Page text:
Do your homework on parenting. Research new ideas, form reading groups, gather all the information you need to make informed decisions in parenting. Read for fun and diversion. Read novels, mysteries, travel books, newspapers, magazines. If you will be making new friends to live in your "village," what you have read can be conversation starters and common ground to begin amazing new relationships.

Of course, read to your children! Even just to see you reading, to hear your voice reciting "Goodnight Moon" again, your children can benefit from your reading agenda as well.

Your Village Begins at Home

Self-work can be defined as that needed personal development and spiritual growth work that many of us discovered essential for dealing with our single parent "stuff." Parenthood is such a monumental transformation that what previously seemed to be successful coping strategies got blown out of the water by the arrival of our beloved children. Of course, if you have deep need of psychiatric counseling, then you should get it (and you deserve it!), then work on raising your village once you've healed up a little. Self-work can be:

  • group therapy
  • support groups
  • reading self-help books
  • attending workshops
  • individual counseling
  • journaling
  • spiritual practice

and a wide variety of other methods for healing your wounds and coping with daily life.

In order to attract and maintain the support system of your village, I strongly suggest that you start resolving the issues of any dysfunction NOW, get complete on a less than terrific childhood, and overcome any reluctance to grow up and be an adult or parent. Face it, you are the adult here, and it's your turn to be provide the "parental guidance" for your children.

Some simple ground rules can provide you with the necessary boundaries to do effective self-work. Know your limits and get your needs met, because if you are constantly overtaxing yourself, or sacrificing what you really need, you will be no good at all for your family. This can work both ways, if you cling to a structure that does not serve your new role as parent very well. For example, if you used to take a long, hot bath every night, you might have to reconceive the idea to be a hot shower whenever the baby falls asleep for more than 10 minutes.

If you cannot function without a shower in the morning, then you must find a way to get one. I can remember waking at 3am once, delighted that the baby was deeply asleep for once. I joyfully got up and took a very long shower, washed my hair, did my toenails, and went back to bed with my hair in a towel. I felt so good I shed a few tears, and vowed like Scarlett never to go dirty again! After that realization, I learned to put a bouncy seat in the bathroom where my son could see me, I sang loudly (and badly) while lather, rinsing and repeating, and I was able to take regular showers this way. Everyone's needs got met, and we started to enjoy the bathtime echo chamber singing.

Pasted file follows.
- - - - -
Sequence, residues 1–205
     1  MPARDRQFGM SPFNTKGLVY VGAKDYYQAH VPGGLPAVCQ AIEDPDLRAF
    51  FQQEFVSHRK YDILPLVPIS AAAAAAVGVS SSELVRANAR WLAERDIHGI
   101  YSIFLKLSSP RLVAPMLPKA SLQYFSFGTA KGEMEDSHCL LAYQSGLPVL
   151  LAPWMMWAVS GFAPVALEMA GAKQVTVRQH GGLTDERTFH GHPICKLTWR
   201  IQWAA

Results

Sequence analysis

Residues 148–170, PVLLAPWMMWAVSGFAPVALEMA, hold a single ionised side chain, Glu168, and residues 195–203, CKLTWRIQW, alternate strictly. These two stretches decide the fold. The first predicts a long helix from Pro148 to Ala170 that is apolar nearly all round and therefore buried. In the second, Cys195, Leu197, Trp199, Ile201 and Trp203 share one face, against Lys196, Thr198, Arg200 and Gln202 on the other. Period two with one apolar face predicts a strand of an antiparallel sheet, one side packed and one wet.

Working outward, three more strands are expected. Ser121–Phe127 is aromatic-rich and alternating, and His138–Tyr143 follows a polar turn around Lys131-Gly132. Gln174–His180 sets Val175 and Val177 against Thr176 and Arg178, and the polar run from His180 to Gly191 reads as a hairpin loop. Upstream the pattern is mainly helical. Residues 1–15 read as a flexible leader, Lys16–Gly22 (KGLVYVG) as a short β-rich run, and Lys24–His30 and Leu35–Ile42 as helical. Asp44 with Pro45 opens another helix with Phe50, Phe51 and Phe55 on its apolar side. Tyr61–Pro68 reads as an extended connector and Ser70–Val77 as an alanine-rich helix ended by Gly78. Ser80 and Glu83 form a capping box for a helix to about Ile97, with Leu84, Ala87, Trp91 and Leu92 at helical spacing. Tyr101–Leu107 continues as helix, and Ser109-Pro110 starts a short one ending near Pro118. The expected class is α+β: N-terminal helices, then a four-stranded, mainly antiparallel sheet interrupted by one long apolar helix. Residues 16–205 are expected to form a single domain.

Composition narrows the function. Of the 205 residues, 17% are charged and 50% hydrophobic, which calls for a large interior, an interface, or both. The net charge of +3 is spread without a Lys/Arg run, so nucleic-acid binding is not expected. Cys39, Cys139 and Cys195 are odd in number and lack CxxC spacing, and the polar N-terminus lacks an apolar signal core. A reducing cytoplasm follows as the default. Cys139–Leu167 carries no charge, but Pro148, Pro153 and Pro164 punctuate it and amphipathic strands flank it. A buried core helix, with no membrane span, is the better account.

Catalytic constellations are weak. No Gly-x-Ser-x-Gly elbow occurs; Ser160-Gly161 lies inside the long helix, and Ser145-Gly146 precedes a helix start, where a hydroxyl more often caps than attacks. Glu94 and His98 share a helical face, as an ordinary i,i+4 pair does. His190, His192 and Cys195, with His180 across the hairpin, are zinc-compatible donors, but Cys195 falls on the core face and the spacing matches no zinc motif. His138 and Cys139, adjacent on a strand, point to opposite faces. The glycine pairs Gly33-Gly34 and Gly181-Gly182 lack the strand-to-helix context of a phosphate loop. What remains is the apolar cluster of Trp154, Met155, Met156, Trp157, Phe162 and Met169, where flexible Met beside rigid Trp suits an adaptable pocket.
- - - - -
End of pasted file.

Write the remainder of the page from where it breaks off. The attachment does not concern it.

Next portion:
On the other hand, one mother I know has found that she cannot stand a dirty kitchen in the morning. It is non-negotiable because of the negative feelings she encounters at the sink if it's not empty. No matter how late it is, she does her dishes (and enlists help of the family) so that she can wake up to a clean kitchen and a fresh start on the day.

While losing sleep for clean dishes or clean hair might not be the trades you would make, you do have needs. You must honor them, not only to build stamina for the long haul of parenthood over the years, but also to model self-love to your children. Do you want your offspring to be self-sacrificing and whining and martyring themselves all over the house? YECH! There's nothing worse than a houseful of whiny people!

Finally, the last aspect of self-work is simply: Be loveable. If you want to gather people around you, no one is going to cooperate if you are a crabby old sourpuss all the time. If the first words out of your mouth are complaints about whatever is pushing your buttons today, or the fact that you are a long-suffering single parent and life is just so hard, even the most stalwart of your tribe is going to secretly and silently roll their eyes, steel themselves against your negativity, and find a way to head home early, take another call, get off the phone, or suddenly remember a very important appointment with the bowling shoe fitter. Smile a little, ask "How are you?" and connect. Your village has a two way street.

(For more on Raising Your Village, read Part II.)


Jay Ann Cox PhD works with entrepreneurs, women and families to improve the family-work fit. Her home-based business, Sarabi Consulting, offers tele-conference workshops on a variety of topics as well as individual mentoring and coaching. A single mother by choice since 1995, she has a lively home page, is a member of several online communities, an active volunteer at her church, and attends regular LLL meetings. She also has an occasional day of grumpy, robe-wearing hermitism. Jay is an EP Coach and our Single Parenting Expert. You can reach her via e-mail, orher web sites; http://www.sarabi.com, http://www.apbiz.com, http://www.familycoaching.com